From springs to shopping and shabu shabu

Sleeping on the floor can be really comfortable – if there is a shikibuton beneath you and a thick warm kakebuton on top. None of us really wanted to get up in the morning. I would have been happy to have a lazy breakfast in the cafe opposite and view the replica foods at Iwasaki Sample Factory nearby. But There Was Shopping To Be Done.

We raced to the train with a bare minute to spare, and then replicated the previous day’s journey, only in reverse and with the Shinkansen taking us from Nagoya to Shin Osaka rather than from Toyohashi.

In the rush I forgot to take tickets from the dispenser near the door of the Nagaragawa train as we boarded. You then put the ticket and the right change in the box near the driver when you get off.

Alex stood with me for much of the ride back on the Nagaragawa Railway’s railcar. It was fun sharing the pretty ride with him. Lugging the ever increasing luggage mass to the next couple of train put me in a bad mood.

We wasted time at Shin-Osaka looking for lockers to fit our luggage before taking it to the left luggage facility. Then we rushed on to the Haruka Express to Kansai Airport. Why the airport? Just prior to the airport terminus is Rinkutown, which has a number of kids shops and playgrounds at “Pleasure Town Seacle”.

Unfortunately, the Haruka didn’t stop at Rinkutown, so at  Tennoji we changed to a rapid express. We had to shift cars when we discovered that the rear four split off to head to Wakayama instead.

It felt strange to be going to KIX at this time of the day rather than late in the evening to catch a Jetstar flight home. Seacle’s ferris wheel is distinctively visible from the airport.

Alex seemed to remember the children’s play area from his last trip, with lots of padded, slowly moving rides. It now seemed a bit young for him, but at about $5 for an hour’s play it was decent value and he made full use of his time there.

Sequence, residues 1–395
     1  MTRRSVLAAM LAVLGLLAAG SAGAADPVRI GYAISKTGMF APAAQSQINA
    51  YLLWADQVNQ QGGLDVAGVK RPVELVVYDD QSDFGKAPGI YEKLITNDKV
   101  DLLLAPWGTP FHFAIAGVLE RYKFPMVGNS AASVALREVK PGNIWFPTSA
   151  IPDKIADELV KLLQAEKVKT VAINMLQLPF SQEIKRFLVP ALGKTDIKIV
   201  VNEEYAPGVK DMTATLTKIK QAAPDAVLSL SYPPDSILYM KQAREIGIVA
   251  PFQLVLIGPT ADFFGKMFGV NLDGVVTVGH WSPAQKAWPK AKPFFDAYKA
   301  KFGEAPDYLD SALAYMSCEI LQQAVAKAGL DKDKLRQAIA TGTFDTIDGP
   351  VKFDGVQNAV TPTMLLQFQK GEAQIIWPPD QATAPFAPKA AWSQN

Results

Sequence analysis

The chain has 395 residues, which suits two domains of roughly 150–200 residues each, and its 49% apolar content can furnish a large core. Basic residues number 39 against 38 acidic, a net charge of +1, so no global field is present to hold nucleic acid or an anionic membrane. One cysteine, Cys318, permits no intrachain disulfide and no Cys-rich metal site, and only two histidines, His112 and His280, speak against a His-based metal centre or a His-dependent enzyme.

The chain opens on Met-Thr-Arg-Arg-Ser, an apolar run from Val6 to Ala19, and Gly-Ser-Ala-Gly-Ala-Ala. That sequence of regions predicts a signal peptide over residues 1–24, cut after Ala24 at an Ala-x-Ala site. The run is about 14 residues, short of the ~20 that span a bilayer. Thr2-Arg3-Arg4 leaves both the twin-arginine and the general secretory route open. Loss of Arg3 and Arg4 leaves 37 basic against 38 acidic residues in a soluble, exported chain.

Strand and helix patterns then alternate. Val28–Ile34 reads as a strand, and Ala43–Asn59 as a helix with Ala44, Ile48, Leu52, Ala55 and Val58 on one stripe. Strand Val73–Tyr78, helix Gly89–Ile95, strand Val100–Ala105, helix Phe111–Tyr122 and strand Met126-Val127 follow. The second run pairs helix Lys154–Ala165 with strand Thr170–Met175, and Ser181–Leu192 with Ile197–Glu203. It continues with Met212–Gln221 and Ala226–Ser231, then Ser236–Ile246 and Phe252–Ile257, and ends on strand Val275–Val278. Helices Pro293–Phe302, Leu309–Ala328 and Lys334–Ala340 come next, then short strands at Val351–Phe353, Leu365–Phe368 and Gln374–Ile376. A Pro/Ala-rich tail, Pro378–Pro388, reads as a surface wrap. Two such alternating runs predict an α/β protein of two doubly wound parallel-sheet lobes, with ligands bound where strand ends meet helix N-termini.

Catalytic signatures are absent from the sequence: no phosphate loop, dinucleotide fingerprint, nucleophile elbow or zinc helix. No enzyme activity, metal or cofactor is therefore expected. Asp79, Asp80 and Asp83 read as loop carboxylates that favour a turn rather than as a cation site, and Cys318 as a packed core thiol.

We looked for clothes and shoes for him in the surrounding shops. His Thomas the Tank Engine shoes are falling apart from all the running and climbing he’s been doing.

We gave him a ride in a little Anpanman ride that just turned around slowly and flashed lights, but he enjoyed it.

By the time we returned to Shin-Osaka to collect our luggage it was past 7 pm. The subway ride to Namba station was less painful than expected with all the bags. We did discover that Osaka differs from Tokyo in escalator etiquette, in that here they stand on the right side and in Tokyo it’s the left. Very important to do what the locals do!

We found our hotel, the Vista Grande, without any problems. But it was too late to go to Umeda and eat shabu shabu as planned.

Fortunately, the hotel directed us to another all you can eat shabu shabu restaurant just down the road, above the H&M store.

We boiled the thin strips of beef, pork, vegetables and noodles in the bowl of broth bubbling away at the centre of the table, then dipped each in sesame or ponzu sauce. There was even unlimited servings of Haagen Dazs ice cream for dessert. Totally full, we walked back along Dotombori Street, admiring the bright Blade Runner neon and the giant animal facades of many eateries.

Tomorrow it’s ryokans and onsens again.


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